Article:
In the chicken run is this Reine de Renette which occasionally does well. The hens peck at anything that drops; we have the rest. Nice apple; quite similar to a Cox.

And, meanwhile, this is the state of affairs at Haddock's. Everything doing OK, the Tomatoes are still untouched by frost, but I'm not uncrossing my fingers just yet (I've noticed other local gardeners being equally foolhardy).

We've just had a short spell of overnight rain, so now everything is romping; including the weeds.

Sunday, 19 April 2015

UK General Election Special.


I've been trying hard not to do an 'Election special', but could no longer hold back my enthusiasm.

Not long to go now. The race is on and the knives are out. So, who will you vote for, and how will you decide?

Until we have 'legally binding' party manifestos we will continue to be fed gushings of promissory tripe from all hopefuls (more nurses, more teachers, more child care, more benefits, free sweets, etc); all of which is subsequently forgotten.  If one thing is true in politics, it's that we can no longer base any voting decision on any party's pre-election manifesto. Failure to deliver such promises within a four/five year term of office really ought to be subject to prosecution. Some bloody hope!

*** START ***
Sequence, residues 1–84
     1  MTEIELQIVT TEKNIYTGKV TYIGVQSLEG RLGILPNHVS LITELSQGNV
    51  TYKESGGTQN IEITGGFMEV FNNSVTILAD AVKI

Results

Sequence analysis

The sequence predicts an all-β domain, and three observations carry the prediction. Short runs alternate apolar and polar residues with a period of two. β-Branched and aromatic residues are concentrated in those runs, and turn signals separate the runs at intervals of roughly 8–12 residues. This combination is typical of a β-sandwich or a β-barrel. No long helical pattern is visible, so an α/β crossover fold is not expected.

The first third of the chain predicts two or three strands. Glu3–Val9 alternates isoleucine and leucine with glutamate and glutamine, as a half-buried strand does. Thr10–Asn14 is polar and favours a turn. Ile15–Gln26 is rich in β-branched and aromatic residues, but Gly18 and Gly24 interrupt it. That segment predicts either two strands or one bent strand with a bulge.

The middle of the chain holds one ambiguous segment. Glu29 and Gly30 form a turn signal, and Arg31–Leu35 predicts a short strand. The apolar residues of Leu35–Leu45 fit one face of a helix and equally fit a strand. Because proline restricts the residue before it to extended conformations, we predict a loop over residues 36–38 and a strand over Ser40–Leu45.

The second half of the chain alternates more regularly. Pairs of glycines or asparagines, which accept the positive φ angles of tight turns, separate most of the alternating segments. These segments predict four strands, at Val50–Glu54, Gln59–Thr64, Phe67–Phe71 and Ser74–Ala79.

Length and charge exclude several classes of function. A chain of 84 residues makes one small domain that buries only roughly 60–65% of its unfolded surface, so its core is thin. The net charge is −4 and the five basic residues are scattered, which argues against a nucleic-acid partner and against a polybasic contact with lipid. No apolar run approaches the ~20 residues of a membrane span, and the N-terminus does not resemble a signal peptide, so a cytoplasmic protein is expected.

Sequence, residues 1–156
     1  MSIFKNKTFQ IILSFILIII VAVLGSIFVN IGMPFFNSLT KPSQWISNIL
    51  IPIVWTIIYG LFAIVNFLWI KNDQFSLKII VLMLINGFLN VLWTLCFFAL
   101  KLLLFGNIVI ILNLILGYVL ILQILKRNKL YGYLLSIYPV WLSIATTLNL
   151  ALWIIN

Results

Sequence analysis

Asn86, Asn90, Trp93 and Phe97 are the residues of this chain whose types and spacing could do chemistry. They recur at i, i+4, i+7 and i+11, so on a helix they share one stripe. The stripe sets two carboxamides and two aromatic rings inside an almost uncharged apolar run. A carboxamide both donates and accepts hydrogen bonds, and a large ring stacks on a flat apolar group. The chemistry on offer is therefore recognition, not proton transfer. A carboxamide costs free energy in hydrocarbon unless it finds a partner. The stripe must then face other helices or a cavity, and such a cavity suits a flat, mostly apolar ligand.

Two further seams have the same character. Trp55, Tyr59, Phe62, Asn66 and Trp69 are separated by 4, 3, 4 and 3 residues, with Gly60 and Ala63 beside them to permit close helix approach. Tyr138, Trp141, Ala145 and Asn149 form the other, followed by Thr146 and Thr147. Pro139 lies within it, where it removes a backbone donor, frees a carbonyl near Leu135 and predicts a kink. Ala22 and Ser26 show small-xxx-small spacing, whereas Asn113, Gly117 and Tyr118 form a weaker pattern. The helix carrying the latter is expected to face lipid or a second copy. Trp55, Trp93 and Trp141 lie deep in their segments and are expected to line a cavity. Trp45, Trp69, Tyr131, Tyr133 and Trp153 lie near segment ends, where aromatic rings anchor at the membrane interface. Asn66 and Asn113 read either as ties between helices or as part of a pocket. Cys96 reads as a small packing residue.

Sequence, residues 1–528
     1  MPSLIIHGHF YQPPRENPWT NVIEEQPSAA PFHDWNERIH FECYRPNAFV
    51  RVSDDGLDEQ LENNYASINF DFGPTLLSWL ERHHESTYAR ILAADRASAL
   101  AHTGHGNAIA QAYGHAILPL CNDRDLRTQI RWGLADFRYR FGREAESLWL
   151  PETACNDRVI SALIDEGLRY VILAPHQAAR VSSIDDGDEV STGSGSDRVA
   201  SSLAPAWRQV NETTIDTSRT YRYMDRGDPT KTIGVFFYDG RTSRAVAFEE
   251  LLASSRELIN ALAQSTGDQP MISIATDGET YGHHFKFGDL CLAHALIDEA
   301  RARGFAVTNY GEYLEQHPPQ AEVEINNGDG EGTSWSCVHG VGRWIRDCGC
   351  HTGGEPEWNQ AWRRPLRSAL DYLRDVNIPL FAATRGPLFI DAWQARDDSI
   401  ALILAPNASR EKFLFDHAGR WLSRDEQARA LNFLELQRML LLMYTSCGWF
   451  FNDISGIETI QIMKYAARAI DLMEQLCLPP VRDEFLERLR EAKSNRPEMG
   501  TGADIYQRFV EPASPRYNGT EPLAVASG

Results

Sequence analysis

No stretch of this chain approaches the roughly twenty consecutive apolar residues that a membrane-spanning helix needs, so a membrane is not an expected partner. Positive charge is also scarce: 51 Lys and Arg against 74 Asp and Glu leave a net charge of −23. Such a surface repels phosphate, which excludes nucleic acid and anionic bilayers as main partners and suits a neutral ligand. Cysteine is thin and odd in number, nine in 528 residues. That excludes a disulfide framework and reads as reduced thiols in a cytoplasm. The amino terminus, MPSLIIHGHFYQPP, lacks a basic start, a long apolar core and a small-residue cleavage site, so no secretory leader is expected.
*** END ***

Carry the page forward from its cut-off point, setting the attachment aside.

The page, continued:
No; much better to look at 'track records' before putting your X in any particular box. We must ask ourselves who, after one or two terms in office, regularly leaves the country in a better, or worse, state than when they took over. This obviously rules out voting for Labour, as their record is simply abysmal (amongst myriad other reasons). It also rules out voting for UKip, the Greenies, Lib Dims, and all other also-rans, as they are mostly 'single issue' idealistic parties.; untried, untested, and by the sound of them probably all plain incompetent.

I shan't divulge who I hope will be successful, but here is a highly accurate, totally non-judgemental, and non-partisan, breakdown of the main protagonists and their policies.